one record). So, at this point, you really will NOT notice any
performance difference by upgrading to sql server. There is no
magic here.


Well, it's not really true that only one record will be transferred.

Assuming you're selection on the PK, first Jet will retrieve the
data pages of the index. It may be smart enough to retrieve only a
few of the data pages (I don't know if there's B-tree type of
structure to the indexes and the way Jet retrieves them), then it
will have to retrieve the full data page where the record is stored.
That data page could contain dozens of records.

THe point is that after the index is retrieved, only as many data
pages as necessary to return the selected data will be pulled across
the wire.

--
David W. Fenton http://www.bway.net/~dfenton
dfenton at bway dot net http://www.bway.net/~dfassoc
Nov 13 '05 #11

P: n/a
David W. Fenton wrote:
"Albert D. Kallal" <ka****@msn.com> wrote in
news:xjx4f.214547$tl2.80373@pd7tw3no:

I even seem some very cool numbers showing that some queries where
actually MORE EFFICIENT in terms of network use by JET then sql
server. (this is rare, and not the normal case, but it does point
out that ms-access does NOT always drag the whole table to the
client)

Access ALMOST NEVER drags the whole table across the network. It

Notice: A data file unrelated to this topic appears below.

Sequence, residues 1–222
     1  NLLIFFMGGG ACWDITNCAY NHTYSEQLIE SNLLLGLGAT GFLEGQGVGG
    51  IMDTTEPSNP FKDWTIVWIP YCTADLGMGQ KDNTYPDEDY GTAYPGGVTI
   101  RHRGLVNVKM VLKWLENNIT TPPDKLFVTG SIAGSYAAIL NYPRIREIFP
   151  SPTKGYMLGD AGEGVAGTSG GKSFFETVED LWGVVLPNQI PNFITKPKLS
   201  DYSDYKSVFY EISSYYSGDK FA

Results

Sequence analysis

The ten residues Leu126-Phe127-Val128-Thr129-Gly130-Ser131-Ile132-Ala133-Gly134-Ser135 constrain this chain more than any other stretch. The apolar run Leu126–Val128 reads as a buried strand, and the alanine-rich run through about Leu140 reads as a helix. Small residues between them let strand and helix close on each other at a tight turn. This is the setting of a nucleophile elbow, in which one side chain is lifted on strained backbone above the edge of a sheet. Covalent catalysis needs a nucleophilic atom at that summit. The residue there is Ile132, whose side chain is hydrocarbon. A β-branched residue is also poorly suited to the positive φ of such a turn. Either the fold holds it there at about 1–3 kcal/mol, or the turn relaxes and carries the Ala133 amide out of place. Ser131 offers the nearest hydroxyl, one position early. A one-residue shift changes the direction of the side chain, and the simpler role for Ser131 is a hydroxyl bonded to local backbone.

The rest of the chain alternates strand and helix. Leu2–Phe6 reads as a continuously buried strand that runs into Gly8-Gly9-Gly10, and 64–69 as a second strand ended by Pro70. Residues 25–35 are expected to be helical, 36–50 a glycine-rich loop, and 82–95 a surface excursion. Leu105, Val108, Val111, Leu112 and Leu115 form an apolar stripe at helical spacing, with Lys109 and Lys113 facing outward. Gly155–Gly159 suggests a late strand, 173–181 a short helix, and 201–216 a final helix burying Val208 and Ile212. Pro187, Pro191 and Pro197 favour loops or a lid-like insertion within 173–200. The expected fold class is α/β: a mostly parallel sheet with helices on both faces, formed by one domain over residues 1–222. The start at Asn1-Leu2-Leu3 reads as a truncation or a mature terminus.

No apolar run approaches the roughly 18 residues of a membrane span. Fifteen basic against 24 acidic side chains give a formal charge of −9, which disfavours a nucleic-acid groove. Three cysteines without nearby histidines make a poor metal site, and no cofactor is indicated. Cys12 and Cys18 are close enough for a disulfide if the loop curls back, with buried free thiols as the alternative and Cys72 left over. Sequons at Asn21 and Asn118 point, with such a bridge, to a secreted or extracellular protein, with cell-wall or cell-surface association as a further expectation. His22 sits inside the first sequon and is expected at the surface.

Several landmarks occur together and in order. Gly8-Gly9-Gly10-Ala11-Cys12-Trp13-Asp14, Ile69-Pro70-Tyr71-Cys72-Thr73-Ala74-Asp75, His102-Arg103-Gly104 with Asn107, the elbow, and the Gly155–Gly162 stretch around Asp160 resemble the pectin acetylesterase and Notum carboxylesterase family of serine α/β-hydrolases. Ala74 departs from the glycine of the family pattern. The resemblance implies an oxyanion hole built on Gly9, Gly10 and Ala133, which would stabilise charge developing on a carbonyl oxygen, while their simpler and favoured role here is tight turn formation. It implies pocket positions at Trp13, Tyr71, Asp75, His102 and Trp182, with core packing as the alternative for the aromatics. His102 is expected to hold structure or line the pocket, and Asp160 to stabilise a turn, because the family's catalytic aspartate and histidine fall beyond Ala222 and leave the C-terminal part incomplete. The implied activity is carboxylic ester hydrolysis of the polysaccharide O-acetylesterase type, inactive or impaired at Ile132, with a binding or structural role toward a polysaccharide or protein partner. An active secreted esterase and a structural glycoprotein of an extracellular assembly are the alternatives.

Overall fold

only does so if you're sorting or selecting on an unindexed field,
but even then only if there are no criteria on indexed fields, or in
cases where you are sorting or selecting on an expression that has
to be processed client side AND have no criteria selecting on
indexed fields.

A little time with SHOWPLAN demonstrates that Jet is pretty
efficient about executing SQL.

Would you please clarify a bit. Would the cases where Access/jet does
not bring across the entire table include the situation of a form bound
to a table, without any filter or selection, such that the form opens it
displays 1 record of xxx, that access does NOT bring the entire table
across? If correct, how does it work - when does Access bring more data
across???

Thank you!
Bob
Nov 13 '05 #12

P: n/a
> Would you please clarify a bit. Would the cases where Access/jet
not bring across the entire table include the situation of a form to a
table, without any filter or selection, such that the form

Open a form in design view. Go to the "Data" tab.
Look at the "recordset type" value.